“I wouldn’t be able to do half of the things I have done without social media. For example, on a recent project with a run club for homeless children in transitional housing, I realized the kids didn’t have any dri- fit clothing (much needed in Miami). They had old shoes and sometimes wouldn’t drink water because they did not have water bottles and there were no water fountains where we trained. I asked on social media for in-kind donations and in one millisecond I had everything I needed to outfit 20 kids from head to toe including water bottles, hats, towels, and new shoes. Once they dressed the part, they began to believe they really were runners. It was the first step.”
To those wanting to share their cause on the Internet, she says: “The only way to make your cause known is to talk about it. You have to be passionate and integrate it in all you do. Show people what to do to help resolve it. Climate change is your thing? Teach them how to save energy. Gun safety? Orient them to tools and organizations. Don’t just tell people ‘we have this problem,’ but teach them how they can be a part of its solution.”
Migdalia Rivera, 43.
Website: Latina On a Mission
Often stigmatized at work, in their communities, and even in their families, single Latina mothers face battles that can make it difficult for them to care for their children, says Migdalia, who is Puerto Rican and lives in Manhattan, in New York City. That stigma toward single Latina moms has brought Migdalia to her other causes: food access and education, because all moms want to be able to provide the best for their children, yet theycarry that weight alone.
Migdalia is grateful for social media for many reasons.
“Social media has allowed me to raise my voice and share my passions about single motherhood, food and education. It’s also helped me collaborate with other Moms, organizations and brands who support my views, like MomsRising.org, GoRedPorTuCorazon.org and others! By raising my voice in tweetchats, like #FoodFri, #EarlyEdChat and #SaludTues and banding with others, I’m able to show others what single Moms, like me, care about. This creates change for us and our children! A Mom really is powerful and on social media that power can be amplified tenfold!”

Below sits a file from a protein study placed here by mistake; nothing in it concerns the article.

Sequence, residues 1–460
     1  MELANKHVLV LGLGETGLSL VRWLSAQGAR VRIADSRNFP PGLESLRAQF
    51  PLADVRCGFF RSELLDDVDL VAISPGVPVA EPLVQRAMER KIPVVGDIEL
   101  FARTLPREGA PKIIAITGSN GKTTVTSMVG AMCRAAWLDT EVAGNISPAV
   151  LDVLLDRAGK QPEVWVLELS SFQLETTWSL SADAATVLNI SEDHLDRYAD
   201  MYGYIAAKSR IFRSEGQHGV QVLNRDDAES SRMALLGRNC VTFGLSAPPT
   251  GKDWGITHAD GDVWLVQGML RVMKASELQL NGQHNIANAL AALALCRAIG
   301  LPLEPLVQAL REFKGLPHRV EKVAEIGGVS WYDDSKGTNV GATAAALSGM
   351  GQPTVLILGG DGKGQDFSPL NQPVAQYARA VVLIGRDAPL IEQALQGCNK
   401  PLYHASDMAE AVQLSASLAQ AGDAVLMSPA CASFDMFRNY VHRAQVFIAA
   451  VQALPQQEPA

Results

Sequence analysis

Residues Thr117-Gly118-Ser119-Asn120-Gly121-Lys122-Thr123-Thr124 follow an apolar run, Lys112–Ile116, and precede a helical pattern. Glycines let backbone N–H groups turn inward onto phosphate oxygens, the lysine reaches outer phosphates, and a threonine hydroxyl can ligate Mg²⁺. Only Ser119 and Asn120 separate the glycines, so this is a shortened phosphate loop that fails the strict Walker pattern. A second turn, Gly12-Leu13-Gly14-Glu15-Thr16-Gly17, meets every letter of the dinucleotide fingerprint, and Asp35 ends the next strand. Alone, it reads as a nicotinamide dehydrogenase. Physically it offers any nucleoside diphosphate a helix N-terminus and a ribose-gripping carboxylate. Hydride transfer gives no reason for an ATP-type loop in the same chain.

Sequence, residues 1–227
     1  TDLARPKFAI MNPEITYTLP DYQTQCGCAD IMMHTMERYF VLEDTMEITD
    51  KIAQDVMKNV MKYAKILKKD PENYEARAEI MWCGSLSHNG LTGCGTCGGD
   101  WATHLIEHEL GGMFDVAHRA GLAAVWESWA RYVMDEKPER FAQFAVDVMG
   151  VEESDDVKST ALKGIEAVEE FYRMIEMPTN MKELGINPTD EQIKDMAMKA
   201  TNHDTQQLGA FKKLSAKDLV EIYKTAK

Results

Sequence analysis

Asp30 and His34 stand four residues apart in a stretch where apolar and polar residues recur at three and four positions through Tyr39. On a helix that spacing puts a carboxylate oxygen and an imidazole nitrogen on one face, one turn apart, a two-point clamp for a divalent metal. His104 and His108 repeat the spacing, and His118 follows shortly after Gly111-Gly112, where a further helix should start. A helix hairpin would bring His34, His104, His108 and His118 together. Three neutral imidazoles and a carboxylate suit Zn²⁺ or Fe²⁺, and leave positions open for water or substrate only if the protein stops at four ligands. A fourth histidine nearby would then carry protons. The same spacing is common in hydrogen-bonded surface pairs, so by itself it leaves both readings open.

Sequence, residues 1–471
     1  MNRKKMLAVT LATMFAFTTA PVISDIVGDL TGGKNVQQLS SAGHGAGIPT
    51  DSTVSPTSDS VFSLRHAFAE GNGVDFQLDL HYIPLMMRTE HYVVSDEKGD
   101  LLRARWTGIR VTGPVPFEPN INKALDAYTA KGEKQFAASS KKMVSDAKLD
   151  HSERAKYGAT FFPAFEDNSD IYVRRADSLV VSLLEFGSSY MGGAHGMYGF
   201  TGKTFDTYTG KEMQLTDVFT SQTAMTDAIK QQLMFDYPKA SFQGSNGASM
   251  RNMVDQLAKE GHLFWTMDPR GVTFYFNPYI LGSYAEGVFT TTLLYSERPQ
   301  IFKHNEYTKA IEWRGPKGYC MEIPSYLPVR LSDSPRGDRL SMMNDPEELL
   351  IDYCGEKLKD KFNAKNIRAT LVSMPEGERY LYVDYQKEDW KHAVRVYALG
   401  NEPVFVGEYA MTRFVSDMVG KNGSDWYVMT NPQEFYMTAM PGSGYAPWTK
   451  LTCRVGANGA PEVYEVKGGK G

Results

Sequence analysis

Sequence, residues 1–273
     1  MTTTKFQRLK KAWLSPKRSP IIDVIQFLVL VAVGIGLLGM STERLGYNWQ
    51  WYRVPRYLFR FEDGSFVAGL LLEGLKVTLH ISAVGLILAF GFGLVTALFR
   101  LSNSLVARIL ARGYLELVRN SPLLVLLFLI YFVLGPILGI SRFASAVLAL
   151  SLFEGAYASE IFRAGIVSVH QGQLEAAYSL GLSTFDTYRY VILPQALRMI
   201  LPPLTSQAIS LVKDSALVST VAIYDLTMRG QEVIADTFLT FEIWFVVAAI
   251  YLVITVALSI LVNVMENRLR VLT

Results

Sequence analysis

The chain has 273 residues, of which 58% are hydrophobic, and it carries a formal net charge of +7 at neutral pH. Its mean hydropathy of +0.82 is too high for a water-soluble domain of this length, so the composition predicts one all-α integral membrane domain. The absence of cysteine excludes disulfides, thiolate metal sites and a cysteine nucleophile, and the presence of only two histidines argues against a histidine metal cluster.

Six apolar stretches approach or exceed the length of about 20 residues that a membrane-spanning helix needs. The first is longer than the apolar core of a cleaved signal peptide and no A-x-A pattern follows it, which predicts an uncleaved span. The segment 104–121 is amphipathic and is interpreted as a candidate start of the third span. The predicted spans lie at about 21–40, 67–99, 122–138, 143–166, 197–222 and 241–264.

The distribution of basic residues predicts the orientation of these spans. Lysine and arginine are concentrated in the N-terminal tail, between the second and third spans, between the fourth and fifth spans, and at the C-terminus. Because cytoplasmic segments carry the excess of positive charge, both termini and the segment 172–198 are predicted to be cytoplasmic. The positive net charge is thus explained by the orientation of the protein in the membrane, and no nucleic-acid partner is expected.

To those who want to raise awareness around a cause, no matter what it is, Migdalia says: “Speak up and out! Never let your voice be silenced because you never know who may be listening online. It can feel scary to put yourself out there, especially when your ideas or causes aren’t the most popular – like removing soda from kid’s meals. My voice, our voices, are important and they can and do cause the powers that be to take note. Case in point: sodas were removed from kid’s meals in various fast food restaurants. So use that voice, for you, for your children and your comunidad.”
George Torres, 44.
Website: Sofrito For Your Soul
George Torres’s flagship website, SofritoForYourSoul.com (founded in 1997 on the Yahoo / Geocities platform) is the longest running online magazine that promotes the evolution of Latino culture in the United States. Its mission is to share the spirit of our heritage through art, fashion, music, dance, traditions, and emerging trends. It strives to offer Latinos a chance to reconnect with their heritage and showcase Latino culture to the rest of the world.
“In this year, we are in the midst of an open call for submissions to reach out into our communities and find #EmergingVoices that will directly address the different challenges that we face day by day,” says George, who is Puerto Rican and lives in Brooklyn, in New York City. “Those challenges include education equality, racism, immigrant workers’ rights, career advancement, the lack of Latino History in our schools, police brutality, participation in the political process and diversity in literature and media. Whatever the community wants to address, we want to facilitate our platform to give them a voice.”
In order to help amplify the voices of so many causes pertaining to the Latino community, George and his team use social media.
“Via our collective social channels we have been able to champion causes like the fight against Diabetes, assisting in the social reach for the national Puerto Rican Day Parade and creating conversations about the environmental crisis at Caño Martín Peña in Puerto Rico."
In order to raise awareness about a cause, he recommends that you “dream big and move into your purpose with intention. Understand and embrace the power of collaboration and cultivating community.”